This sundial isn’t telling time right now…



Yes, I think my Merry Grinchmas sign will be in the ground for a while yet!


Canada 150 – #15 – My father, well disguised.

Canada 150 - #15 – My father, well disguised.

Re-enactments, pageants, skits… call them what you may, but theatrical presentations have been part of our history for a very long time. And as this “photo of a photo” indicates, my father was known to play a role in some of these productions.

This photo took me on a rather convoluted path, as I had originally thought it was from a pageant at the Grist Mill (of which I have a very vague memory and you can read about in a future post). It turns out that this photo was from another event, I think at the Habitation although I am still trying to nail that down. It would have been in the sixties I think.

All I know for sure is that this photo is of Larry Bower (left) and Dad (right). There used to be a number of photos from this re-enactment hanging at the Legion, but they are no longer there. I’m sure there are folks in the community who can fill in some details for me so please comment if you remember this event!


Canada 150 – #14 – A Stormy Past on a Stormy Night.

Canada 150 - #14 – A Stormy Past on a Stormy Night.

An unanticipated result of my Canada 150 photo challenge is that I find myself digging into the past as I build context around some of my photos. Maybe that should have been predictable – I hadn’t really looked at this as a year-long history lesson but it seems to be heading that way.

So, also unpredictably, I now find myself reading about our stormy past on this stormy night – digging into Barry Moody’s book: The History of Annapolis Royal – Volume 2 – 1749-2005. I bought it in 2014 and it has been on my “should read” list ever since, but fiction always wins my vote in reading (my father was the historian in the family, not me!). Nevertheless, I picked it up this morning, opened the cover, and was immediately hooked. Our history is so rich and so interesting, and Barry’s way of writing makes it very readable as well.  Learning lots – no doubt some of this newfound knowledge will shine through as I background future Canada 150 photos.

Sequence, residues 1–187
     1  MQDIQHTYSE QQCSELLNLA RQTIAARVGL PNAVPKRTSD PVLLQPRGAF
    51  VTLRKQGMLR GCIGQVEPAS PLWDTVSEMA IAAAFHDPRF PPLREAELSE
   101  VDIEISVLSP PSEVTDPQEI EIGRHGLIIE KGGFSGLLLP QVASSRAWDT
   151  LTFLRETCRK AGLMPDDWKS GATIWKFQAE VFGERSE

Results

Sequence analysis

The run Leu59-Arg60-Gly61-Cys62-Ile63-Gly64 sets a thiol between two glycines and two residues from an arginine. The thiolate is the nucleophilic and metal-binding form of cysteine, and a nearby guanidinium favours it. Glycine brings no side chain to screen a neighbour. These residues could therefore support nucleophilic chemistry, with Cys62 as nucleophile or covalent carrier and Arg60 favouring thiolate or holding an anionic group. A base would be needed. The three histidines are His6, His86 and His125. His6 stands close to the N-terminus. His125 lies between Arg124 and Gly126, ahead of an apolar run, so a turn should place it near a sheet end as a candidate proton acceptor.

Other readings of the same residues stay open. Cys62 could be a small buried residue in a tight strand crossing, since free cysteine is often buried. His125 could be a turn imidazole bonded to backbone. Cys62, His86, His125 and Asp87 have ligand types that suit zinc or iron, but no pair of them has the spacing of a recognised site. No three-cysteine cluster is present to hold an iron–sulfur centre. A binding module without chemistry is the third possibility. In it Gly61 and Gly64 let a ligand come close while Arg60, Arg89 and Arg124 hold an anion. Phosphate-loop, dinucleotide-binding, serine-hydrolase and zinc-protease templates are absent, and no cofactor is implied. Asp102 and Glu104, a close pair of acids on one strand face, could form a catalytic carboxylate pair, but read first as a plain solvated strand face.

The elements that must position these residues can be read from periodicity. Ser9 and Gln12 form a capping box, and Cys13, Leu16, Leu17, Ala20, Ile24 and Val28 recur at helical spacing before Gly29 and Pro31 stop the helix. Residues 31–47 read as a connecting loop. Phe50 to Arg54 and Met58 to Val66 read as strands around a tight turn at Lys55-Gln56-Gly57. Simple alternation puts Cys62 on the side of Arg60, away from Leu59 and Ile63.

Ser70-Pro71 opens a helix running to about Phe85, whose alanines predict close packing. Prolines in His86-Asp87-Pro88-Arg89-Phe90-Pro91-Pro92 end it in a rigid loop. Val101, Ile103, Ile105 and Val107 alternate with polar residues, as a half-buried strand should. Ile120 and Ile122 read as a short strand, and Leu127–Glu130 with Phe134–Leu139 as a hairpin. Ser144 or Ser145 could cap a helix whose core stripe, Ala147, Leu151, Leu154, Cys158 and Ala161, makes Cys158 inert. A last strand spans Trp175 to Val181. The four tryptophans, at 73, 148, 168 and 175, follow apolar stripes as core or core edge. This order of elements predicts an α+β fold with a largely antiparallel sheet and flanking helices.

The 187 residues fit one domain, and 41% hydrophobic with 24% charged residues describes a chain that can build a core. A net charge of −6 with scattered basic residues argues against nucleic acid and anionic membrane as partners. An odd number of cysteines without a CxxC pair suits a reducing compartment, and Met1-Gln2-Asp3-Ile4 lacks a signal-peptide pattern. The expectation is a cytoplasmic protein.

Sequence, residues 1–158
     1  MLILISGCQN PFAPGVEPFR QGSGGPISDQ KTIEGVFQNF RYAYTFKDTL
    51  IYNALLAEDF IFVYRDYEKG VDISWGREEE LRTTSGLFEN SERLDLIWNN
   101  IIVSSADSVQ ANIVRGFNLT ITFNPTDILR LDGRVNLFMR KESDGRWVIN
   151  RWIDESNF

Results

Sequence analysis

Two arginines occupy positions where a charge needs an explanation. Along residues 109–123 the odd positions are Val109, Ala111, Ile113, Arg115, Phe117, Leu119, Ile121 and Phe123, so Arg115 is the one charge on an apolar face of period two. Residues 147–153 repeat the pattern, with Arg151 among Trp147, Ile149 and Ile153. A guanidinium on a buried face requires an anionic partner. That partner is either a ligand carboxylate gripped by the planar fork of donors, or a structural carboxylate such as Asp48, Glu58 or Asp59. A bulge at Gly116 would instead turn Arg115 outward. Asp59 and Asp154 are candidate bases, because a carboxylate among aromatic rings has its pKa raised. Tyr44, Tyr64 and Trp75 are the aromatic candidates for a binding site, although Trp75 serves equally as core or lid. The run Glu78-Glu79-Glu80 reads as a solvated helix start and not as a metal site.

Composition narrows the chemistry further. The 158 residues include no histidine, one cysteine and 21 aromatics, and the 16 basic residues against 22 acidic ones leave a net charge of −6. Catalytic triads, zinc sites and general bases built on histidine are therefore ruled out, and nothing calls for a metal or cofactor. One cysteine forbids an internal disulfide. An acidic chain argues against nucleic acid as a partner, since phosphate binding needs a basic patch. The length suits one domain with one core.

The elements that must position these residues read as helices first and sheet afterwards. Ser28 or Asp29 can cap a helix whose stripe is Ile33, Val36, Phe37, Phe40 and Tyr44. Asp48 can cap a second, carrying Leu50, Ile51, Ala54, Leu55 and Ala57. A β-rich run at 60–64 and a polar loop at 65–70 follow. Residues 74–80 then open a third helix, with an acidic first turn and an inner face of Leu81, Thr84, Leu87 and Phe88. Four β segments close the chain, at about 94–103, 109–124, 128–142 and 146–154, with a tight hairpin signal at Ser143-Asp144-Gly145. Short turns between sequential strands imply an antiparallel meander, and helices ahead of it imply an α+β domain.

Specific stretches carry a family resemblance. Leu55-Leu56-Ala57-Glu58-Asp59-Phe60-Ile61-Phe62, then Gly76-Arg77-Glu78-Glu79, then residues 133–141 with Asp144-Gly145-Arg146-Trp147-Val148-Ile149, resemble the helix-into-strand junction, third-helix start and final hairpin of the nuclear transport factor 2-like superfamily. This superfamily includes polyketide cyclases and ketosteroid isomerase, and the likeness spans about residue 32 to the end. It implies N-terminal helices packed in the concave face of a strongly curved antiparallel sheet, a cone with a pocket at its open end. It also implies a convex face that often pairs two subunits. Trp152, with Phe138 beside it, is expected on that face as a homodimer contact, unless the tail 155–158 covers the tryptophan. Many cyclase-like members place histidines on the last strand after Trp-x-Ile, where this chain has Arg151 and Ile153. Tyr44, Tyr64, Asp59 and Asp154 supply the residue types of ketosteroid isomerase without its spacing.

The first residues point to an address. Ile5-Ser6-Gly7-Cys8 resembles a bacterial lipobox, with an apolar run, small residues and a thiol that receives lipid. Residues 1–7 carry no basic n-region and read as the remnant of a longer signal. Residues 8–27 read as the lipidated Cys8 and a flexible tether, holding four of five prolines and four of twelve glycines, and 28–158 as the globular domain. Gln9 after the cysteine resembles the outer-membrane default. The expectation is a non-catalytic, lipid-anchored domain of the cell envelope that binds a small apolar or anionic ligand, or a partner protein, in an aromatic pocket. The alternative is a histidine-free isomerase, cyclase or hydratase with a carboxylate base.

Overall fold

Thanks Barry for presenting our past in such a good read! You’ll make a history student out of me yet…



Canada 150 – #13 – And here’s to you Mr. Robinson.

Canada 150 – #13 – And here’s to you Mr. Robinson.  (…with apologies once again to Simon & Garfunkel…)

Canada 150 - #13 - And here's to you Mr. Robinson.

In the course of remodelling the Rec Room, I have been checking out some artwork that I haven’t really noticed for some time. One of those pieces is “Sou’wester” by L. Robinson. Laurence Robinson was a teacher in Annapolis Royal, better known as “Rip” Robinson (for reasons unknown to me). He and his wife Helen lived in Annapolis Royal until their deaths in 1986 and 2009 respectively. He had retired from teaching before I hit high school, but my older siblings had him as an English teacher.

Art was a hobby for him, and Mom & Dad had several of his works. This one was has a tag on the back for Chas Dargie & Sons, a long time business in Annapolis Royal for the better part of 100 years (a research project/story for another day). From what I can gather, I believe my parents may have purchased this one as a gift for my mother’s parents, because also on the back of the frame is “Norma” in my grandmother’s handwriting – she was always known for labelling her special things so that their eventual destination would be very clear when she died.

Anyway, here’s to you Mr. Robinson for your work in immortalizing various Nova Scotian scenes through your art.


%d bloggers like this: